Even though all religions ask that we not kill others, we continue to offer justice in America (although we are one of the few countries in the world that do) that kills people to give comfort to the victims and to all of us. I do not want any killings done in my name. I know these eight men. Twenty years ago as I visited the Arkansas prisons, I met weekly with these eight friends - Bruce, Don, Stacey, Ledell, Jack, Marcel, Kenneth, and Jason. Although I haven't seen them in a while (because of my health issues), I still get letters and exchange cards with them. Back then, we had long talks about the horrific circumstances that caused their incarceration...but also about the horrific life events that planted the seeds for those circumstances. And we talked of their pain, sadness and, with each one, we touched the compassion in their hearts that wished to do good things for others. In 2017, they are different people than they were then. To live in a state that says it will put them to death for 'our' peace asks us to truly examine this premise of justice.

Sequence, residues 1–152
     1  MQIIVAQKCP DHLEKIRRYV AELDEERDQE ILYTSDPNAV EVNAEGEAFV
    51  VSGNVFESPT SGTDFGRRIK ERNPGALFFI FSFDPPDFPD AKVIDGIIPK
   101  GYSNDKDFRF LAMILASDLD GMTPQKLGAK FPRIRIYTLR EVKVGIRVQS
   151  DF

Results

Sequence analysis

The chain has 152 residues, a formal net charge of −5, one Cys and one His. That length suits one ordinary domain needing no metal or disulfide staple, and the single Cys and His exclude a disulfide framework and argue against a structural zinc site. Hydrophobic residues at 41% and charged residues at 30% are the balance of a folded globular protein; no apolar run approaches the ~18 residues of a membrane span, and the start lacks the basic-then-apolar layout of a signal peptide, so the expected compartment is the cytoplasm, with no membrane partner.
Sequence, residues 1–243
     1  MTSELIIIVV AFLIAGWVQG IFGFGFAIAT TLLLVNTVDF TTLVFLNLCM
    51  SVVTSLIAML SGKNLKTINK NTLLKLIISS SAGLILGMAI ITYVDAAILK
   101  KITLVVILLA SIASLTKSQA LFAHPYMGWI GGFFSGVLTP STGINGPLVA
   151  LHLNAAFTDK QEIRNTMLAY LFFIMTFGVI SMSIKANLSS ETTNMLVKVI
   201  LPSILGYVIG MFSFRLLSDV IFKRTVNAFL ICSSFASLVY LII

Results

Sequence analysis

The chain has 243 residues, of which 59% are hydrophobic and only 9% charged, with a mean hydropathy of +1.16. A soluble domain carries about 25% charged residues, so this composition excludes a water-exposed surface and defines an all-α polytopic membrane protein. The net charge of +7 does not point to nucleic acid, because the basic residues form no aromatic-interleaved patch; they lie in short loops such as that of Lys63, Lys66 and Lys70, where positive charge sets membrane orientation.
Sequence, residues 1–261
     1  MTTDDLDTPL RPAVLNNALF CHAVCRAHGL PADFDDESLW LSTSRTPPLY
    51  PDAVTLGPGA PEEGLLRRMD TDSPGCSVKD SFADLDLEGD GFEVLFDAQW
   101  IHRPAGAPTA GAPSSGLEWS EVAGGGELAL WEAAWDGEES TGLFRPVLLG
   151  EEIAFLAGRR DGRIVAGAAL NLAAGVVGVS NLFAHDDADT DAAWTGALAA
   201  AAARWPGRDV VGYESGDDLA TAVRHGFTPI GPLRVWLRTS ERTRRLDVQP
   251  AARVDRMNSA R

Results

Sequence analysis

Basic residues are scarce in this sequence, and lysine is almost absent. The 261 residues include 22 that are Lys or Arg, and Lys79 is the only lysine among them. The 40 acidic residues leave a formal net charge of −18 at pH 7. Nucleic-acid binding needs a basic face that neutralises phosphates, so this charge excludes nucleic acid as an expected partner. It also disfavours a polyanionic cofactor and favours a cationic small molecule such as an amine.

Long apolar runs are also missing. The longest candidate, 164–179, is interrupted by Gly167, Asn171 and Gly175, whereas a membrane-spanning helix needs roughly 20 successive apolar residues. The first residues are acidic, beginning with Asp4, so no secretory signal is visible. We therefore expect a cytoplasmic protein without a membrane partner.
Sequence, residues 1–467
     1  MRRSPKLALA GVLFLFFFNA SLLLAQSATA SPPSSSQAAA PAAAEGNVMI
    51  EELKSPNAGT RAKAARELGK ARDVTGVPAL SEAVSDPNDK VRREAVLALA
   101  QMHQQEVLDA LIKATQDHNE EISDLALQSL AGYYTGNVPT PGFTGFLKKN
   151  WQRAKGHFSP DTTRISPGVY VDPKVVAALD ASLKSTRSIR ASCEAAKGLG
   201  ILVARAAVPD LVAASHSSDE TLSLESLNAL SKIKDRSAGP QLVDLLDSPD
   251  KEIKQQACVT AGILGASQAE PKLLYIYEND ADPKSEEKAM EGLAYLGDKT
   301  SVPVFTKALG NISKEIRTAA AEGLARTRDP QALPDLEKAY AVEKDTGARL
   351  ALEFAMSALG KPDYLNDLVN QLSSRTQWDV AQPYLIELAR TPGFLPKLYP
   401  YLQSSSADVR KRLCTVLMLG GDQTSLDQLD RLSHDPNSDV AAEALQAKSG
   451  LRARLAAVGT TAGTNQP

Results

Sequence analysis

Today, on Chotrul Duchen, I will begin the walk to the death chamber with my eight friends and offer an invitation to you to come along...bringing compassion and awareness to all beings everywhere with every step. Each day, I would like to take a step through that door via the gift of social media. Perhaps with enhanced attention to this unfolding mass execution, and in writing letters to the governor and Arkansas representatives, we might bring about an end to the death penalty everywhere...or at least save these eight lives.
May you receive the miracles that you need to be happy, peaceful, and awaken to living compassion for all beings everywhere, with no one left out.
To the Honorable Governor Asa Hutchinson:
Compassion Works for All, a prison outreach organization, strongly urges the cancellation of the eight scheduled executions.
Over the twenty-three years that Compassion Works for All has provided therapeutic services to people in prison, including people on death row, we have witnessed that offenders were victims long before they harmed others. Violence perpetuates violence, and state sanctioned killing will only continue this cycle of harm and trauma.